Paris: Scientists on Wednesday said they could be a step closer to solving the riddle behind the Moon's formation, unveiling the most detailed survey yet of the far side of Earth's satellite.
In January, the Chinese spacecraft Chang'e-4 -- named after the moon goddess in Chinese mythology -- became the first ever craft to touch down on the far side of the lunar surface.
Similar to other bodies in our Solar System, the Moon is believed to have gone through a phase during its formation when it was partially or entirely composed of molten rock.
As it cooled, so the hypothesis goes, denser minerals sank to the bottom of the magma-ocean, while lighter materials gathered near the surface to form its mantle.
The team landed its probe in the Von Karmen Crater in the Aitken Basin at the Moon's South Pole -- home to one of the largest impact craters known in the Solar System.
They detected materials such as olivine and low-calcium pyroxene that are rare elsewhere on the surface.
Authors of the study, which was published in the journal Nature, suggest that these materials were ejected from the Moon's upper mantle when it was struck by a meteor.
"Our results support the lunar magma ocean theory, and demonstrate that the magma ocean hypothesis can be used to describe the early evolution history of the Moon,"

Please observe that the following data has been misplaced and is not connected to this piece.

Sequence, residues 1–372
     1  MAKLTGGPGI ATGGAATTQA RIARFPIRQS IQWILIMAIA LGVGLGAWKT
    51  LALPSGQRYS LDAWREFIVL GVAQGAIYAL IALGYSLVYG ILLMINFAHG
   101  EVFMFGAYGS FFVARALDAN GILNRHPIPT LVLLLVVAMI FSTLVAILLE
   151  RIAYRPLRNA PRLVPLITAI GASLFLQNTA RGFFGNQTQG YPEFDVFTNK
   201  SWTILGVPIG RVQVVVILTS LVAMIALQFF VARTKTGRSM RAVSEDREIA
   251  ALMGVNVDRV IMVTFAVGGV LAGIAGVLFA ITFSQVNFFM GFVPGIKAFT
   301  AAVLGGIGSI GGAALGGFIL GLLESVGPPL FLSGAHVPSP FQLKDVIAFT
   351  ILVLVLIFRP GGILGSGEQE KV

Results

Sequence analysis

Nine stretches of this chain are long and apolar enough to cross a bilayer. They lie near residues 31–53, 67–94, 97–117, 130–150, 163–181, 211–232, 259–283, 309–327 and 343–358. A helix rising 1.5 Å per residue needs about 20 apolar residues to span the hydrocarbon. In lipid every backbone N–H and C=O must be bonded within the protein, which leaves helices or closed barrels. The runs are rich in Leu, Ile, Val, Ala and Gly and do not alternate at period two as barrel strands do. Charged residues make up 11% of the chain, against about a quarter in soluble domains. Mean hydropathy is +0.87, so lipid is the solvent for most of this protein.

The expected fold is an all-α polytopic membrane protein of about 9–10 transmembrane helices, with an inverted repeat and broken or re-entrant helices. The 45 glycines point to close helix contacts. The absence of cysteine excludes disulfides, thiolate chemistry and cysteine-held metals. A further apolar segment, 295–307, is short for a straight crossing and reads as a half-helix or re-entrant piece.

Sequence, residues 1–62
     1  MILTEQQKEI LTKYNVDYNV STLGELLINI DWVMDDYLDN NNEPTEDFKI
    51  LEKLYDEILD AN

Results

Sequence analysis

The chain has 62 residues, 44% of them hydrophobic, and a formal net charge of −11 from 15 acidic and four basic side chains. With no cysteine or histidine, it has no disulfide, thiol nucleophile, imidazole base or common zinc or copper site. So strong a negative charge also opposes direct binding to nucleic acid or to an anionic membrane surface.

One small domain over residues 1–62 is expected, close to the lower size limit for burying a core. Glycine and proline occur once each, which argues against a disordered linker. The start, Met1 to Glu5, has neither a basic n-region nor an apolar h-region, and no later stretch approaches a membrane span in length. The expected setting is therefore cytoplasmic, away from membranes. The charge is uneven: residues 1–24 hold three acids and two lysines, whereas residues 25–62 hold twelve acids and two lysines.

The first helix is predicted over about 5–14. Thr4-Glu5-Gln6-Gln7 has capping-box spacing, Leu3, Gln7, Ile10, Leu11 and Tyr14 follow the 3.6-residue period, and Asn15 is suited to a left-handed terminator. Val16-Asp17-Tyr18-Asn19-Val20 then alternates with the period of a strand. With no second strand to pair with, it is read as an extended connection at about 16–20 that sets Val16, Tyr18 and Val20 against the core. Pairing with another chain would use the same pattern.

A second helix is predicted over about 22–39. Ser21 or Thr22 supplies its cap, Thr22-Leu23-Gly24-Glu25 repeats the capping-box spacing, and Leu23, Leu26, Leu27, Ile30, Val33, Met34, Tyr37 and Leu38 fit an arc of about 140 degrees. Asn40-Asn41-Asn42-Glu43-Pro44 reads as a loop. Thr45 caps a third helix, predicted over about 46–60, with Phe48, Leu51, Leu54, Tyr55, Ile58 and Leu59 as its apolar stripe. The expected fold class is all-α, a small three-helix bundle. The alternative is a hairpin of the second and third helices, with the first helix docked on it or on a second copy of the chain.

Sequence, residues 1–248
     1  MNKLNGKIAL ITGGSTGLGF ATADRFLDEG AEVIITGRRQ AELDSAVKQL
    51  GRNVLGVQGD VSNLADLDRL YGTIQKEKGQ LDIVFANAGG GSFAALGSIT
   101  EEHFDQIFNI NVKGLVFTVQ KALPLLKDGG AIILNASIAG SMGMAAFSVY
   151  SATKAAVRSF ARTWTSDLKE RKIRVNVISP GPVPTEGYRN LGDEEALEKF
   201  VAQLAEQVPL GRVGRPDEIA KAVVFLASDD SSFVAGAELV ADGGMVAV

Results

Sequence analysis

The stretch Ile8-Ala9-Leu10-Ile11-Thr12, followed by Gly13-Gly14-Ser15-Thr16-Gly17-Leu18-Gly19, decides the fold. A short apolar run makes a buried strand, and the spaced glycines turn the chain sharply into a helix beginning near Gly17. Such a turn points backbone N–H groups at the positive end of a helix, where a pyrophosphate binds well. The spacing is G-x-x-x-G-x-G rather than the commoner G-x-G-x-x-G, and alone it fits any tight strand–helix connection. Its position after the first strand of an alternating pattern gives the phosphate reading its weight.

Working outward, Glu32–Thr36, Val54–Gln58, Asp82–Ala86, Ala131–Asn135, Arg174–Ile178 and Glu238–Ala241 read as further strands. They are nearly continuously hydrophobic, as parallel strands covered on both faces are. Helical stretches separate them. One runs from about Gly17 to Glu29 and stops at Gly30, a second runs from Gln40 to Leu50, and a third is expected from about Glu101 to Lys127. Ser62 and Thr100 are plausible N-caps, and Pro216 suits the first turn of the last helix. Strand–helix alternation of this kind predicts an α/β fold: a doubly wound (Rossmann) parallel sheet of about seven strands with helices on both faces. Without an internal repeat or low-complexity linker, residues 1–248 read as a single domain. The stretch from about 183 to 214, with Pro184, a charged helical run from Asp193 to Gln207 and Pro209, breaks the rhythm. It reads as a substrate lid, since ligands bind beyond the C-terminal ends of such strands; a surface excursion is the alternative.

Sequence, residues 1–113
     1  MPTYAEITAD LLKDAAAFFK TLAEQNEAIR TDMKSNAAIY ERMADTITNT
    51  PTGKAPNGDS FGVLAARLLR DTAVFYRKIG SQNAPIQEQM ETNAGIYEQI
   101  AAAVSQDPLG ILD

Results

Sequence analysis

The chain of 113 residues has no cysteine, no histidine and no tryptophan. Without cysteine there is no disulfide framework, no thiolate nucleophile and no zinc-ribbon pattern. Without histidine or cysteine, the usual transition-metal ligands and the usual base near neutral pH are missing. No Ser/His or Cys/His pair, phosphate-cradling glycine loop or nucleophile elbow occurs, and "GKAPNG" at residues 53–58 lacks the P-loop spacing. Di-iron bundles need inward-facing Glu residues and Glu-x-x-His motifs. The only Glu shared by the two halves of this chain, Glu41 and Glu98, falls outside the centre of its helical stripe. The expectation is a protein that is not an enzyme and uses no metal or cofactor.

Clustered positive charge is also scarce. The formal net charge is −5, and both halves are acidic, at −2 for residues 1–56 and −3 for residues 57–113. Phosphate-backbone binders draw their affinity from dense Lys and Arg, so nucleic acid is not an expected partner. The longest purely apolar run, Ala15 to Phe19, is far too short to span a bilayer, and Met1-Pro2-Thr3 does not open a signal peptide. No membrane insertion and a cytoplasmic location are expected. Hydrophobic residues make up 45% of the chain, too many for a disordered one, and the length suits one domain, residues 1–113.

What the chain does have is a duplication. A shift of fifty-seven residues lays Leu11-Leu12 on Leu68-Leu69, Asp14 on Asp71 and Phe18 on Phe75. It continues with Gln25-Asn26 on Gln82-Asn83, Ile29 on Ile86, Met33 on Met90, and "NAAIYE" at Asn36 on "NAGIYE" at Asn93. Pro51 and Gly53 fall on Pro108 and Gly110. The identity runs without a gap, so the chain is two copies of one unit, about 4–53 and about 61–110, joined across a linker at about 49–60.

Chunlai Li, from the Chinese Academy of Sciences, told AFP.
Unlike the near side of the moon that always faces the Earth and offers many flat areas to touch down on, the far side is mountainous and rugged.
The United States, Russia and China have all landed probes on the near side of the Moon, though neither NASA's Apollo missions nor the Soviet Union's Luna probes have ever returned samples of the lunar mantle.
Writing in a linked comment piece, Patrick Pinet, from France's l'Institut de Recherche en Astrophysique et Planetologie, said Li's findings were "thrilling".
The results "might also affect our understanding of the formation and evolution of planetary interiors," Pinet wrote, saying that more research on the far side of the Moon was "of the utmost importance."